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This chapter is from the book

This chapter is from the book

1.8 Exercises

  1. Distinguish between vulnerability, threat, and control.
  2. Theft usually results in some kind of harm. For example, if someone steals your car, you may suffer financial loss, inconvenience (by losing your mode of transportation), and emotional upset (because of invasion of your personal property and space). List three kinds of harm a company might experience from theft of computer equipment.
  3. List at least three kinds of harm a company could experience from electronic espionage or unauthorized viewing of confidential company materials.
  4. List at least three kinds of damage a company could suffer when the integrity of a program or company data is compromised.
  5. List at least three kinds of harm a company could encounter from loss of service, that is, failure of availability. List the product or capability to which access is lost, and explain how this loss hurts the company.
  6. Describe a situation in which you have experienced harm as a consequence of a failure of computer security. Was the failure malicious or not? Did the attack target you specifically or was it general and you were the unfortunate victim?
  7. Describe two examples of vulnerabilities in automobiles for which auto manufacturers have instituted controls. Tell why you think these controls are effective, somewhat effective, or ineffective.
  8. One control against accidental software deletion is to save all old versions of a program. Of course, this control is prohibitively expensive in terms of cost of storage. Suggest a less costly control against accidental software deletion. Is your control effective against all possible causes of software deletion? If not, what threats does it not cover?
  9. On your personal computer, who can install programs? Who can change operating system data? Who can replace portions of the operating system? Can any of these actions be performed remotely?
  10. Suppose a program to print paychecks secretly leaks a list of names of employees earning more than a certain amount each month. What controls could be instituted to limit the vulnerability of this leakage?
  11. Preserving confidentiality, integrity, and availability of data is a restatement of the concern over interruption, interception, modification, and fabrication. How do the first three concepts relate to the last four? That is, is any of the four equivalent to one or more of the three? Is one of the three encompassed by one or more of the four?
  12. Do you think attempting to break in to (that is, obtain access to or use of) a computing system without authorization should be illegal? Why or why not?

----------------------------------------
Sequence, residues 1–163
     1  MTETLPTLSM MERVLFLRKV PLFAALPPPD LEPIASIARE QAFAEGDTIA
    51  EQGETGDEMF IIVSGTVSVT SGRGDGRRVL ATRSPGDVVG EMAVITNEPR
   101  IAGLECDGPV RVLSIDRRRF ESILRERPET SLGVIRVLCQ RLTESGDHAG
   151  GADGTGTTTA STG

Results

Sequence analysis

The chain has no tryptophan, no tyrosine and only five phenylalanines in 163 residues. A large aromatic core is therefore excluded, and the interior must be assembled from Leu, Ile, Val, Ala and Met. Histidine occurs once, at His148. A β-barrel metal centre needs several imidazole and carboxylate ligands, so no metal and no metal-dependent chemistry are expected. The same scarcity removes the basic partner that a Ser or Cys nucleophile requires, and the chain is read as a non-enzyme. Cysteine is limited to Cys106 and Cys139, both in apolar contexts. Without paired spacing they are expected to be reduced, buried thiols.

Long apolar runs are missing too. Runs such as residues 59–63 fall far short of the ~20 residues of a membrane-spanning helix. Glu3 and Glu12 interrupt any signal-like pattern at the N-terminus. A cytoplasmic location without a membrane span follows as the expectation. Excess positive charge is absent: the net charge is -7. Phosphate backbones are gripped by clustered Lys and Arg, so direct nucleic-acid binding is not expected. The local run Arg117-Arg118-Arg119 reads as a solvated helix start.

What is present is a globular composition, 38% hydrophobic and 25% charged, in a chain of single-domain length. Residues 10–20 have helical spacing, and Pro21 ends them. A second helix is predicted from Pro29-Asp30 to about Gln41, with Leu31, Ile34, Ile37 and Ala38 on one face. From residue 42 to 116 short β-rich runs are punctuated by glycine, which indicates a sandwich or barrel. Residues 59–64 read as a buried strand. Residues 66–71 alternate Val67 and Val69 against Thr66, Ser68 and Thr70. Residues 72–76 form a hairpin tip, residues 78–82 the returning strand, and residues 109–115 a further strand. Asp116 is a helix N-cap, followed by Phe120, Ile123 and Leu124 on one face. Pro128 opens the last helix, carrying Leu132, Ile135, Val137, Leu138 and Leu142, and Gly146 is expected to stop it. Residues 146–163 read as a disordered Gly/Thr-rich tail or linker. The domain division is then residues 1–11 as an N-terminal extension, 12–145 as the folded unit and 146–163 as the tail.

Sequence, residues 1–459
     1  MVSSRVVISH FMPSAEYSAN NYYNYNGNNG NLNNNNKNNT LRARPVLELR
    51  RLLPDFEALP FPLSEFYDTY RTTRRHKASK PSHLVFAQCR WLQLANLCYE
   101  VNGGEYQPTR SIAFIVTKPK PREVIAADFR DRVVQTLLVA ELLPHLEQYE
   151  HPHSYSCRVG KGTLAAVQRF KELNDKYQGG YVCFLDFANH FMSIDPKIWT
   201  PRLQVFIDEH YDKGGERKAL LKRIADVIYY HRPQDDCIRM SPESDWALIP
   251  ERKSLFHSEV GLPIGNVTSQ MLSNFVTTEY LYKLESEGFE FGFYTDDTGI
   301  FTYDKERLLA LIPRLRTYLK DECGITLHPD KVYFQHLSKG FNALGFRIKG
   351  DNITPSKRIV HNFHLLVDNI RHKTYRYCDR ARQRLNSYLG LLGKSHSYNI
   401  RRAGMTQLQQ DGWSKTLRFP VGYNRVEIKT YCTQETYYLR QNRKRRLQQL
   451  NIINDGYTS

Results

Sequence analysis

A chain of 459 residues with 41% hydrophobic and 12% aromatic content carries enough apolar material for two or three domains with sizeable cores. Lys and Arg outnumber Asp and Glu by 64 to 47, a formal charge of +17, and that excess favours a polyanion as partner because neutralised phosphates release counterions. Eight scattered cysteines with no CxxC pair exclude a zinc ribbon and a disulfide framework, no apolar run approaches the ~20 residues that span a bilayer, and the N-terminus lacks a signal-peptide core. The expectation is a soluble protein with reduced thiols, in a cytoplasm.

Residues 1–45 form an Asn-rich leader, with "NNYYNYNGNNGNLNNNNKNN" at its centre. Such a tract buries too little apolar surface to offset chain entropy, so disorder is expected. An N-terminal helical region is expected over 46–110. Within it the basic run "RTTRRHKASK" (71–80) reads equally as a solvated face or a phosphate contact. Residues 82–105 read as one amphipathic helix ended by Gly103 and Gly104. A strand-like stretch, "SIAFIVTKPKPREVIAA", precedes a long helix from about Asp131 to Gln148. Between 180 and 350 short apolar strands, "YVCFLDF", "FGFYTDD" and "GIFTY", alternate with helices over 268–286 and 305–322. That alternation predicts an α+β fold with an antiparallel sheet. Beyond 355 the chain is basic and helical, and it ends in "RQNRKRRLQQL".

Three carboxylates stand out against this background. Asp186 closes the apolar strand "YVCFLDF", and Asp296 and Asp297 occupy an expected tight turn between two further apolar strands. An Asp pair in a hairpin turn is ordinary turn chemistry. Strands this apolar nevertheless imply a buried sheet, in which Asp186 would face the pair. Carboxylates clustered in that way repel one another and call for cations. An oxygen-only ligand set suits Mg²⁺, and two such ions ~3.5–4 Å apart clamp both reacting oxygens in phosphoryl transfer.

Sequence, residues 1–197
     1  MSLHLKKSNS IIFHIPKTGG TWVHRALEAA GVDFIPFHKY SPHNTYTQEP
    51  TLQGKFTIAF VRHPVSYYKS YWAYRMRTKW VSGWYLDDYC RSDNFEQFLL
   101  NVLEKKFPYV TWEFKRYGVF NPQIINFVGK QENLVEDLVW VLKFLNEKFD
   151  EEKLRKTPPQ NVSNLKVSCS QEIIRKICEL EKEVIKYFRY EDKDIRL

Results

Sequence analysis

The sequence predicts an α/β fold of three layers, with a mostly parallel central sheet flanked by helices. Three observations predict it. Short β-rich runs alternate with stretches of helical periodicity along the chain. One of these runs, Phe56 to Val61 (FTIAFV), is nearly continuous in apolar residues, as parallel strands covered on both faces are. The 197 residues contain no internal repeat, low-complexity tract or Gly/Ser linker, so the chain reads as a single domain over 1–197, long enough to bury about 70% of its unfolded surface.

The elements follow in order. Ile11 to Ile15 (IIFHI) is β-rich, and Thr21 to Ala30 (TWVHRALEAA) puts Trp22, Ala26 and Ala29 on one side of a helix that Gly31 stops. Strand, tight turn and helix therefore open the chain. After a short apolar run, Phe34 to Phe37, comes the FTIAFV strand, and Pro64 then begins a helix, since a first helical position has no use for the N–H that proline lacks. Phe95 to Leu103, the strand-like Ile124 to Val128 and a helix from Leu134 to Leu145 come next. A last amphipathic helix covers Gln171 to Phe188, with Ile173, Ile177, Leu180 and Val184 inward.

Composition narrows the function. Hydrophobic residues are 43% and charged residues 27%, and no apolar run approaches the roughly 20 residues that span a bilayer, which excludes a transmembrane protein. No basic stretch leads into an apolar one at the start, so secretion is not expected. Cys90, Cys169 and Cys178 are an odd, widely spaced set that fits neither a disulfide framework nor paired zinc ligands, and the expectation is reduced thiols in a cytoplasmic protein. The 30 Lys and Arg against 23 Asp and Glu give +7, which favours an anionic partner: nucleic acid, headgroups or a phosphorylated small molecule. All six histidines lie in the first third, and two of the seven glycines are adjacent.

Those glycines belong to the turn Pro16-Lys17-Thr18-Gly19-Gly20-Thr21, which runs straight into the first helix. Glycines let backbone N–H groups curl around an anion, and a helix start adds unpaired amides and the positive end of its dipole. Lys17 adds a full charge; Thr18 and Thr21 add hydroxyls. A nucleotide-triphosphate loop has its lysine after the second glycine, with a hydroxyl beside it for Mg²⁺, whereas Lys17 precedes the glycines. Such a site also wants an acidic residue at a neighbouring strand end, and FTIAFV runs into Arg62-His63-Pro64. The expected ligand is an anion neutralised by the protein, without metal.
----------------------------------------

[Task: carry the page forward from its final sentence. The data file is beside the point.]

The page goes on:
13. Describe an example (other than the ones mentioned in this chapter) of data whose confidentiality has a short timeliness, say, a day or less. Describe an example of data whose confidentiality has a timeliness of more than a year.
  14. Do you currently use any computer security control measures? If so, what? Against what attacks are you trying to protect?
  15. Describe an example in which absolute denial of service to a user (that is, the user gets no response from the computer) is a serious problem to that user. Describe another example where 10 percent denial of service to a user (that is, the user’s computation progresses, but at a rate 10 percent slower than normal) is a serious problem to that user. Could access by unauthorized people to a computing system result in a 10 percent denial of service to the legitimate users? How?
  16. When you say that software is of high quality, what do you mean? How does security fit in your definition of quality? For example, can an application be insecure and still be “good”?
  17. Developers often think of software quality in terms of faults and failures. Faults are problems (for example, loops that never terminate or misplaced commas in statements) that developers can see by looking at the code. Failures are problems, such as a system crash or the invocation of the wrong function, that are visible to the user. Thus, faults can exist in programs but never become failures, because the conditions under which a fault becomes a failure are never reached. How do software vulnerabilities fit into this scheme of faults and failures? Is every fault a vulnerability? Is every vulnerability a fault?
  18. Consider a program to display on your website your city’s current time and temperature. Who might want to attack your program? What types of harm might they want to cause? What kinds of vulnerabilities might they exploit to cause harm?
  19. Consider a program that allows consumers to order products from the web. Who might want to attack the program? What types of harm might they want to cause? What kinds of vulnerabilities might they exploit to cause harm?
  20. Consider a program to accept and tabulate votes in an election. Who might want to attack the program? What types of harm might they want to cause? What kinds of vulnerabilities might they exploit to cause harm?
  21. Consider a program that allows a surgeon in one city to assist in an operation on a patient in another city via an Internet connection. Who might want to attack the program? What types of harm might they want to cause? What kinds of vulnerabilities might they exploit to cause harm?
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